A debut memoir about a woman’s emotionally charged relationship with the mother who walked away from her marriage and family.
The youngest of three children, Cistaro was barely out of toddlerhood when her mother got into her Dodge Dart and suddenly drove off. She neither called nor acknowledged her children’s birthdays for the first few years of her absence. Only later would she connect with them, but only for short periods of time. When she did, it was often in the company of different men with whom she shared homes as well as alcohol and drugs. Cistaro’s mother was constantly—and painfully—“just out of…reach” of the children who craved her love. The author and her brothers became each other’s main sources of support, and their father did his imperfect best to hold the family together. However, the children each carried a deep anguish that marked them for life. Both her brothers eventually became substance abusers, while Cistaro narrowly avoided a similar fate. She went on to build a happy, stable marriage and family, but privately, she lived with the constant fear that she carried a “leaving gene” that would cause her to want to abandon her own family. When she learned one Christmas that her mother was dying, all her old fears of being left behind resurfaced. The author went to her mother’s side to “hold [the] body” she had not touched since childhood. During her stay, she discovered letters her mother had written but not sent to Cistaro and her brothers. From them, she gained insight into the powerfully contradictory impulses that drove her mother and that often surfaced in herself. The author finally found peace knowing that while her mother ultimately needed to fly free, Cistaro could embrace “the messy, maddening beauty” that responsibilities brought to her life with equanimity and even joy.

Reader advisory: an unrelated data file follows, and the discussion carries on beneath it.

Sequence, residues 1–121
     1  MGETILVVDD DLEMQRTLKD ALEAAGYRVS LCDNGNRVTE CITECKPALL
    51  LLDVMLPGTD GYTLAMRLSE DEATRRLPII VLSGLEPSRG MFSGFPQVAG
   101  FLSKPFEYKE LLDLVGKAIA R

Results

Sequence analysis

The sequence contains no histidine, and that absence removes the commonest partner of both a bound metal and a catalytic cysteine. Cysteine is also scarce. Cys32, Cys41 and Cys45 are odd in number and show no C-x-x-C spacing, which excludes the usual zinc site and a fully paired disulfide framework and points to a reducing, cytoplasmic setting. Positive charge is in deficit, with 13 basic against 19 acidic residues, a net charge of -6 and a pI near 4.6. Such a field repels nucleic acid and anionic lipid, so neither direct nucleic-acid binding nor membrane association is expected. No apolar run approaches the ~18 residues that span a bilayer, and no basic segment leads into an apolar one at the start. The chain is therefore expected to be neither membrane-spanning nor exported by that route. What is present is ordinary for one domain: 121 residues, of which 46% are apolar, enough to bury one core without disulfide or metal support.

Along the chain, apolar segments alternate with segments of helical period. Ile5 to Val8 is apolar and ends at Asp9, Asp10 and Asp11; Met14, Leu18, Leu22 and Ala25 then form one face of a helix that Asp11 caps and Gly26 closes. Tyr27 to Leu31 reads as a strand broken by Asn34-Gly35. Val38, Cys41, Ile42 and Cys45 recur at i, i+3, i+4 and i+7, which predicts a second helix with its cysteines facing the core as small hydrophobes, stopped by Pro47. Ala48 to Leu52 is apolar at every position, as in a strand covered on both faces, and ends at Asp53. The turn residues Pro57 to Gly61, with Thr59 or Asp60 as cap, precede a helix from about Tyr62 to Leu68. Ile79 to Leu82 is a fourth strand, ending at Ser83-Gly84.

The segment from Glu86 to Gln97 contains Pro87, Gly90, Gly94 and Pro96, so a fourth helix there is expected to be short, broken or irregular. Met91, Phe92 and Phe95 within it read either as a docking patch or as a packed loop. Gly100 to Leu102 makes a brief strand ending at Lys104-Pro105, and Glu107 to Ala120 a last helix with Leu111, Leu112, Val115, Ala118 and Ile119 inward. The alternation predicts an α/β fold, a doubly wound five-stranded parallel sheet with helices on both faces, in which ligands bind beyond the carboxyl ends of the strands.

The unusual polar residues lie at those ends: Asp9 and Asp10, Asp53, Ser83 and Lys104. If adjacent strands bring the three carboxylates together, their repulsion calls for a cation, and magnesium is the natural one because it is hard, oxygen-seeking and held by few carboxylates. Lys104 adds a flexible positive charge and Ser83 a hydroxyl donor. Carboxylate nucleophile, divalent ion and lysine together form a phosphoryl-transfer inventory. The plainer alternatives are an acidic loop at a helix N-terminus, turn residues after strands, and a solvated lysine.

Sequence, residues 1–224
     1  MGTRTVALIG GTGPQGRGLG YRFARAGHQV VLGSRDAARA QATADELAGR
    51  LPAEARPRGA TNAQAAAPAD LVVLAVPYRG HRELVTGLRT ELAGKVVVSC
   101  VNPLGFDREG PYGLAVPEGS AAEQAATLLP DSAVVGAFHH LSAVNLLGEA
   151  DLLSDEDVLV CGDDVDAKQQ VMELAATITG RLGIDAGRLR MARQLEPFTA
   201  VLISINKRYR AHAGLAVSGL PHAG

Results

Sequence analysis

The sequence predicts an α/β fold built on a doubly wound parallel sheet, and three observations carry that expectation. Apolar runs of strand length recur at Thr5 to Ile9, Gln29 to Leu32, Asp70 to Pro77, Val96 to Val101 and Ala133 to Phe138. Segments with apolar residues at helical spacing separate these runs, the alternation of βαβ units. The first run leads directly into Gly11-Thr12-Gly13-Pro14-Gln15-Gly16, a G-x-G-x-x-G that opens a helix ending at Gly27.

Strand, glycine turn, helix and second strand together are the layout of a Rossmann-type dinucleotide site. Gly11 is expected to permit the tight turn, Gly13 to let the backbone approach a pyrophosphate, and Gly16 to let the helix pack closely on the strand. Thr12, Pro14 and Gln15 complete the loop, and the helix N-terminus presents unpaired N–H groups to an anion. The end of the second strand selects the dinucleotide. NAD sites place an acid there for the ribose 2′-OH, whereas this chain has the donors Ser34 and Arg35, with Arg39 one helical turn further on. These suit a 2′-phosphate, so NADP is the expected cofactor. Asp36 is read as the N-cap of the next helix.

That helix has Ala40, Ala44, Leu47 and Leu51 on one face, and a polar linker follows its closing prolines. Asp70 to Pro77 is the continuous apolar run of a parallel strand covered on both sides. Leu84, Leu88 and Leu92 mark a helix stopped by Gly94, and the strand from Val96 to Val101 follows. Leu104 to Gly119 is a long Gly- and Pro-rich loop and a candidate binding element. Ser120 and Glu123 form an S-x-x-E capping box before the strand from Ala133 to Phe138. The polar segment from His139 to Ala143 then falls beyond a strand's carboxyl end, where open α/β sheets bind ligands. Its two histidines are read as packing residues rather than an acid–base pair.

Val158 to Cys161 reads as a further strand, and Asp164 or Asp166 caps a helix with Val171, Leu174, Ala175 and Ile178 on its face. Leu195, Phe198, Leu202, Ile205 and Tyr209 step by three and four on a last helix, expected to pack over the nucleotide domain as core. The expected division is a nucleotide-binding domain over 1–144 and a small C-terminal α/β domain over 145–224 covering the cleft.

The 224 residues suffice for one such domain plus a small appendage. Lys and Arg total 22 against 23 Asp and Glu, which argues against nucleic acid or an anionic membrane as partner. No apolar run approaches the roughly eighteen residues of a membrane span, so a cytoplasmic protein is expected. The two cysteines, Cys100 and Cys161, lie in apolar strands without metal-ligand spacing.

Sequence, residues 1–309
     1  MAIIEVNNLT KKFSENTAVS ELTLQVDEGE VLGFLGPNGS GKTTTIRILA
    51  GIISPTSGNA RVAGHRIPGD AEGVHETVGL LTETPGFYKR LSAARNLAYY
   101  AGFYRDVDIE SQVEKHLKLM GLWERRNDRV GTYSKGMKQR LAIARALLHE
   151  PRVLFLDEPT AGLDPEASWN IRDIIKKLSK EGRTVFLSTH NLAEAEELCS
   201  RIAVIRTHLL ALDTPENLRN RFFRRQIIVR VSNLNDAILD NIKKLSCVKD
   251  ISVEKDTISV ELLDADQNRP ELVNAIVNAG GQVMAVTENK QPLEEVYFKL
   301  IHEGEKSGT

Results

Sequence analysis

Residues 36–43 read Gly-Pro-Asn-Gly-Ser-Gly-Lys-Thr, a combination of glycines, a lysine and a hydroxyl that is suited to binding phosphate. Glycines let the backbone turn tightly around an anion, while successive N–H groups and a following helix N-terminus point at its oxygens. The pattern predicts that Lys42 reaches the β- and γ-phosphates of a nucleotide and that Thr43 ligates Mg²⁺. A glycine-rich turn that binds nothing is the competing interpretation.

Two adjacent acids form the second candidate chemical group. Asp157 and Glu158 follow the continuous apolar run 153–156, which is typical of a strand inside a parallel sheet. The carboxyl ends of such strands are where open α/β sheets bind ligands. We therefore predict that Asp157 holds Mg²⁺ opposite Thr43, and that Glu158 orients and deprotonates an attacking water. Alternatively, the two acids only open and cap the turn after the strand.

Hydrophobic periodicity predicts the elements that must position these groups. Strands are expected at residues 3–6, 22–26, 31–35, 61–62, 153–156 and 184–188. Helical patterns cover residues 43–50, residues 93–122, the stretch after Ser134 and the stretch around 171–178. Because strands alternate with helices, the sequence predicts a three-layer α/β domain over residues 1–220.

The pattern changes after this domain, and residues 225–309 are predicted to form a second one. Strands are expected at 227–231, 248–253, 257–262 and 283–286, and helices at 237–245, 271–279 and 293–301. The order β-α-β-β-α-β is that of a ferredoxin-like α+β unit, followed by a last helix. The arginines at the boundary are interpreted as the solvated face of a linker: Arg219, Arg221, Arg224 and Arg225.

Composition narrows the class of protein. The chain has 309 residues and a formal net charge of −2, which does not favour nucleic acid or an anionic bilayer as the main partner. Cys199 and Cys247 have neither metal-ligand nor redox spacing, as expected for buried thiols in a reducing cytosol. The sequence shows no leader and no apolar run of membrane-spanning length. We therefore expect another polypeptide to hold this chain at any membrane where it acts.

An honest and affecting story of the many complexities involved with family relationships.